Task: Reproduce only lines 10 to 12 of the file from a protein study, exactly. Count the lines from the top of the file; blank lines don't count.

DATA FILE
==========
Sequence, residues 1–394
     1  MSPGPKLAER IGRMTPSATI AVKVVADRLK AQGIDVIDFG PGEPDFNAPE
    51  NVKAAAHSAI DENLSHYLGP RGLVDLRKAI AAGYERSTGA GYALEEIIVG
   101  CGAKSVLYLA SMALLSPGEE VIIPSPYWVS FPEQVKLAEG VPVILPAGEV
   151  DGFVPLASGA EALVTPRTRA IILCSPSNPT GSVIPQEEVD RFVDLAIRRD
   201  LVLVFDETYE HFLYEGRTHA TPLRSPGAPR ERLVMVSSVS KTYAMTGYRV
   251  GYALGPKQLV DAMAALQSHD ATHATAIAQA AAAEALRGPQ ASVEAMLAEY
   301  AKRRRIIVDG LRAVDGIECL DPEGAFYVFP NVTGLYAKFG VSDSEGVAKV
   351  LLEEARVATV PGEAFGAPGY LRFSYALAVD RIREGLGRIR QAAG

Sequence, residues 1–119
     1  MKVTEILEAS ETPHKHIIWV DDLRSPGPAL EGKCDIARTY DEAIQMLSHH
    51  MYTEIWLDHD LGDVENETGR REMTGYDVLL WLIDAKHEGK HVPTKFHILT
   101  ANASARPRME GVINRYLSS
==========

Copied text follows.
Sequence, residues 1–119
     1  MKVTEILEAS ETPHKHIIWV DDLRSPGPAL EGKCDIARTY DEAIQMLSHH
    51  MYTEIWLDHD LGDVENETGR REMTGYDVLL WLIDAKHEGK HVPTKFHILT